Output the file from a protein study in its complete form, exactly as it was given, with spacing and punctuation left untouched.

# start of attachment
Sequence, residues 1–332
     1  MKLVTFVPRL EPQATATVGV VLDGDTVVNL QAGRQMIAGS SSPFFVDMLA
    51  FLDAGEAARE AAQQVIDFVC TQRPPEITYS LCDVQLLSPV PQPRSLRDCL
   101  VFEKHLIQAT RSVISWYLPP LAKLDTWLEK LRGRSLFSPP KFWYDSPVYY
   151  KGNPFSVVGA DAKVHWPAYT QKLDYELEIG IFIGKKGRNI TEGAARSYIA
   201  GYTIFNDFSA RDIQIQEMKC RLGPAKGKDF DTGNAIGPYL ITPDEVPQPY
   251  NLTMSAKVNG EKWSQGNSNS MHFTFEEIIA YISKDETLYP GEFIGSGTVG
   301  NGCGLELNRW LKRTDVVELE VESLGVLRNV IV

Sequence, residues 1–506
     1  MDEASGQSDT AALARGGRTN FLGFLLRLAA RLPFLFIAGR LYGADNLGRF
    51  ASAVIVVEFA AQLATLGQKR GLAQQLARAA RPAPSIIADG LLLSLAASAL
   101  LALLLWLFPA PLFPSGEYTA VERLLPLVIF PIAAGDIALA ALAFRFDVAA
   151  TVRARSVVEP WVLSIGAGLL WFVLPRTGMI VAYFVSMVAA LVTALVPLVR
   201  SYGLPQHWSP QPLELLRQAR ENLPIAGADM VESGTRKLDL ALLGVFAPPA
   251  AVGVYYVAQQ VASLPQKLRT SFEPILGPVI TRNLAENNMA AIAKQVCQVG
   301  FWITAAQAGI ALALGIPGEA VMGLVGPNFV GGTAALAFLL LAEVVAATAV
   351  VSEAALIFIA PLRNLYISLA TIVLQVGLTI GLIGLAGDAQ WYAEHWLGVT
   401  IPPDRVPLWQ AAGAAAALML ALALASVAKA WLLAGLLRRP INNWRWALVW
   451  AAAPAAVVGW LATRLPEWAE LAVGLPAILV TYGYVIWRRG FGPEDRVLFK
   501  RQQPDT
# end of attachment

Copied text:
Sequence, residues 1–332
     1  MKLVTFVPRL EPQATATVGV VLDGDTVVNL QAGRQMIAGS SSPFFVDMLA
    51  FLDAGEAARE AAQQVIDFVC TQRPPEITYS LCDVQLLSPV PQPRSLRDCL
   101  VFEKHLIQAT RSVISWYLPP LAKLDTWLEK LRGRSLFSPP KFWYDSPVYY
   151  KGNPFSVVGA DAKVHWPAYT QKLDYELEIG IFIGKKGRNI TEGAARSYIA
   201  GYTIFNDFSA RDIQIQEMKC RLGPAKGKDF DTGNAIGPYL ITPDEVPQPY
   251  NLTMSAKVNG EKWSQGNSNS MHFTFEEIIA YISKDETLYP GEFIGSGTVG
   301  NGCGLELNRW LKRTDVVELE VESLGVLRNV IV

Sequence, residues 1–506
     1  MDEASGQSDT AALARGGRTN FLGFLLRLAA RLPFLFIAGR LYGADNLGRF
    51  ASAVIVVEFA AQLATLGQKR GLAQQLARAA RPAPSIIADG LLLSLAASAL
   101  LALLLWLFPA PLFPSGEYTA VERLLPLVIF PIAAGDIALA ALAFRFDVAA
   151  TVRARSVVEP WVLSIGAGLL WFVLPRTGMI VAYFVSMVAA LVTALVPLVR
   201  SYGLPQHWSP QPLELLRQAR ENLPIAGADM VESGTRKLDL ALLGVFAPPA
   251  AVGVYYVAQQ VASLPQKLRT SFEPILGPVI TRNLAENNMA AIAKQVCQVG
   301  FWITAAQAGI ALALGIPGEA VMGLVGPNFV GGTAALAFLL LAEVVAATAV
   351  VSEAALIFIA PLRNLYISLA TIVLQVGLTI GLIGLAGDAQ WYAEHWLGVT
   401  IPPDRVPLWQ AAGAAAALML ALALASVAKA WLLAGLLRRP INNWRWALVW
   451  AAAPAAVVGW LATRLPEWAE LAVGLPAILV TYGYVIWRRG FGPEDRVLFK
   501  RQQPDT